As the weakest of the major powers, New Delhi should stay engaged with both continental as well as maritime powers in order to improve its own place in the world order.
Without a return to genuine bilateralism that takes into account the interests of both parties, Beijing will find that the chasm with New Delhi continues to deepen.
Leveraging Japanese expertise in robotic manufacturing and channelling local software talent would allow India to come to terms with a fast changing global economic scenario, where automation will rule the roost.
While the Indian media’s obsession with China tends to be over the top, there is no denying that Beijing looms large over New Delhi’s worldview these days.
The ideas of religious moderation and social modernization have been steadily pushed on the defensive in the four decades since 1979. Any effort to reverse 1979, therefore, must be welcomed in the Subcontinent.
Looking beyond the traditional areas of high-technology and defence cooperation, and the more recent focus on global mitigation of climate change, New Delhi and Paris appear ready to lend a strong regional dimension to their strategic partnership.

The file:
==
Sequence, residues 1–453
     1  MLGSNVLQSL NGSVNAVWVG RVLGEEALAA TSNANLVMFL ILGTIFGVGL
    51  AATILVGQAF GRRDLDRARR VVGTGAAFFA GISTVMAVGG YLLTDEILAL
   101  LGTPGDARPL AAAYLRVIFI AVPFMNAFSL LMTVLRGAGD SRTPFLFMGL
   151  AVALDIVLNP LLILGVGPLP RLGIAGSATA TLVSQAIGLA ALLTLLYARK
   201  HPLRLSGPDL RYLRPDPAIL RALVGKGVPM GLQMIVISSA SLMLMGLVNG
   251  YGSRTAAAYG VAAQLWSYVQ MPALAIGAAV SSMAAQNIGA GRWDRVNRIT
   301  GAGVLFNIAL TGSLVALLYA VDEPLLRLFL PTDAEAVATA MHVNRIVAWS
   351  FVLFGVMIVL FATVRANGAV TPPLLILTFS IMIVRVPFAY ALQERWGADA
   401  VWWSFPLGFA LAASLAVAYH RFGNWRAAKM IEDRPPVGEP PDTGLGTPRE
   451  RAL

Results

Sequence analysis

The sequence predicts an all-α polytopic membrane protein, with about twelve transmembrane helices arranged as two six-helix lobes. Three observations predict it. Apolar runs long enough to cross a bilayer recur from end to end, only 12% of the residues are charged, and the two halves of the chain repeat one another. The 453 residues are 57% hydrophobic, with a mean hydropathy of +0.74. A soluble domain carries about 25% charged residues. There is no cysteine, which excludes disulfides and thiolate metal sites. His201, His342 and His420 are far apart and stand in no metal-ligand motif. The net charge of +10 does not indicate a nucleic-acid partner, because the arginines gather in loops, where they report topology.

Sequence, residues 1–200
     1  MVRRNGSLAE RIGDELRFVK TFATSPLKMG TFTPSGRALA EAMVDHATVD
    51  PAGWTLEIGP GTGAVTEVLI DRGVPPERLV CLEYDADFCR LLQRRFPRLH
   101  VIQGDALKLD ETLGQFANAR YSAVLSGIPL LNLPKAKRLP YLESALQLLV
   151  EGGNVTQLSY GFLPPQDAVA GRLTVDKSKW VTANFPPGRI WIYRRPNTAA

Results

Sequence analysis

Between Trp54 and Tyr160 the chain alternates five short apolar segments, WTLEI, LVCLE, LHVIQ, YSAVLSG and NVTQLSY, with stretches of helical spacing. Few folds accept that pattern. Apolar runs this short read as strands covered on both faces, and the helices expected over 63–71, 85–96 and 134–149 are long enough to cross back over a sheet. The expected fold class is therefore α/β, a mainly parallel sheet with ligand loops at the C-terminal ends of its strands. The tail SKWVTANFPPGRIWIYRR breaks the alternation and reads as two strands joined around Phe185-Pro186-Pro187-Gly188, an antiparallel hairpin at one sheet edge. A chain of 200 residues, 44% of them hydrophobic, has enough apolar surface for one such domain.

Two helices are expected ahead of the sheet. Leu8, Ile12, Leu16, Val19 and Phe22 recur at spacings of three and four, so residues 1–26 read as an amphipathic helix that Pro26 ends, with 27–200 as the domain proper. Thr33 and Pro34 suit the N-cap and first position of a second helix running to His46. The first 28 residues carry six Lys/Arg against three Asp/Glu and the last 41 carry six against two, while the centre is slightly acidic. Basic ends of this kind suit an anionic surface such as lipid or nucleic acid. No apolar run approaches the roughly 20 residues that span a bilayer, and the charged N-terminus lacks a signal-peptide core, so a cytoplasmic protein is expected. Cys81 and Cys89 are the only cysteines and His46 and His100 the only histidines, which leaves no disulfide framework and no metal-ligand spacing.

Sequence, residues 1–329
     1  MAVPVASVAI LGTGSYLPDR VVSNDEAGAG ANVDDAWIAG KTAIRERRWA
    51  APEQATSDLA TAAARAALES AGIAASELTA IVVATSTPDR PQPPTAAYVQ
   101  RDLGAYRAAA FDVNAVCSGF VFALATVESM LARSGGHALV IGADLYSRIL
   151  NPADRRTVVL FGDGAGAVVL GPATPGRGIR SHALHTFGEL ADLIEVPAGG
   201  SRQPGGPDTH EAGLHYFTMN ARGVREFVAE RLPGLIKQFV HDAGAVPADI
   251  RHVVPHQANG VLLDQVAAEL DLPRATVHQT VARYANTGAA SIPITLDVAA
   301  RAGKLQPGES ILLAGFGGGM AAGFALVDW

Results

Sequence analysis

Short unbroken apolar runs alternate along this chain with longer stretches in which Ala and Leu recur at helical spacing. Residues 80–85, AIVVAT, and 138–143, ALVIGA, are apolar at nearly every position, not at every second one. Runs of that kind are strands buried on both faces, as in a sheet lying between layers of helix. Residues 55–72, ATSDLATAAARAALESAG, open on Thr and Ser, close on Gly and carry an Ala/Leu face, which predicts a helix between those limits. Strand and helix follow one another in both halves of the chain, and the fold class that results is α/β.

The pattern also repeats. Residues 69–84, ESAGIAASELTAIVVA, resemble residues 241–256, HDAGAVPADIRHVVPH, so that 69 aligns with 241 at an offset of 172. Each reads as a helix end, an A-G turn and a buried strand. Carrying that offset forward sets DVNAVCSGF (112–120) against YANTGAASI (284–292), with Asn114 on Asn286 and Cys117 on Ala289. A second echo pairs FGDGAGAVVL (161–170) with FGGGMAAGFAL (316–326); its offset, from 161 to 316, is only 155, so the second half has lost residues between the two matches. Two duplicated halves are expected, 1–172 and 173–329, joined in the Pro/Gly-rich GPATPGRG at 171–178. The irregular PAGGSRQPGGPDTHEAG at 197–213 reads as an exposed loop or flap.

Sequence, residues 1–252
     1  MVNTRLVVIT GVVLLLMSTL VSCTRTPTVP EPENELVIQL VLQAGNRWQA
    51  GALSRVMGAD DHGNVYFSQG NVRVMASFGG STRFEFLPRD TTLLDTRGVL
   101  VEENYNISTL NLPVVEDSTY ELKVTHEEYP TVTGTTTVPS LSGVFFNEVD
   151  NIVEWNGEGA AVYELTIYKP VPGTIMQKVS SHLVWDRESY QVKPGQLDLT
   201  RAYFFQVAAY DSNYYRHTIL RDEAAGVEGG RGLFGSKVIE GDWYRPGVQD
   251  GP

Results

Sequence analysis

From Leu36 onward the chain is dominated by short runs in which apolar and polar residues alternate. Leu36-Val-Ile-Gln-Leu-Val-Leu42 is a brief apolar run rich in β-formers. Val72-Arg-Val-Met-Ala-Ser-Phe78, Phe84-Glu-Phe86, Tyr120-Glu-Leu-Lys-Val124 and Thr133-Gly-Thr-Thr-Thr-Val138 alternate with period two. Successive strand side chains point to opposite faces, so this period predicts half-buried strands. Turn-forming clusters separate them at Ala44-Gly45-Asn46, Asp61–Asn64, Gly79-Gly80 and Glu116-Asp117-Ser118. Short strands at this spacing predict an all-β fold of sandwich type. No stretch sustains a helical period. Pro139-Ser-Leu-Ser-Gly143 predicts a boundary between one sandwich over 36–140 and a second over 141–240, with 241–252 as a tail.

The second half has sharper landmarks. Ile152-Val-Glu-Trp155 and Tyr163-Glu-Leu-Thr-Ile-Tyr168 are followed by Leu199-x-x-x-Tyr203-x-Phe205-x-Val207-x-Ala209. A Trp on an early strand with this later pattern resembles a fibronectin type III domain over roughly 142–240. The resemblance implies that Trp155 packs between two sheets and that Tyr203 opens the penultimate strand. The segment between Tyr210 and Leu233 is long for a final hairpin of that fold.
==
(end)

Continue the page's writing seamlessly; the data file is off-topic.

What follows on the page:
Given the importance of artificial intelligence (AI) in the coming years, India must keep a wary eye on Chinese developments in this field, and develop its own strategic vision of how AI technologies can be harnessed to advance its interests.
As he seeks a say in defining the agenda of the quadrilateral security dialogue with Japan, the United States, and Australia, Indian Prime Minister Narendra Modi is heralding his country’s self-confident pursuit of enlightened self-interest with all the major powers.
The proposition that India must tilt to one side, toward Russia and China, and keep its distance from the United States is a legacy from the 1970s. It does not square with contemporary reality.
The durability of the Indo-Pacific dynamic will depend essentially on New Delhi’s willingness to work with the United States and its allies in the region.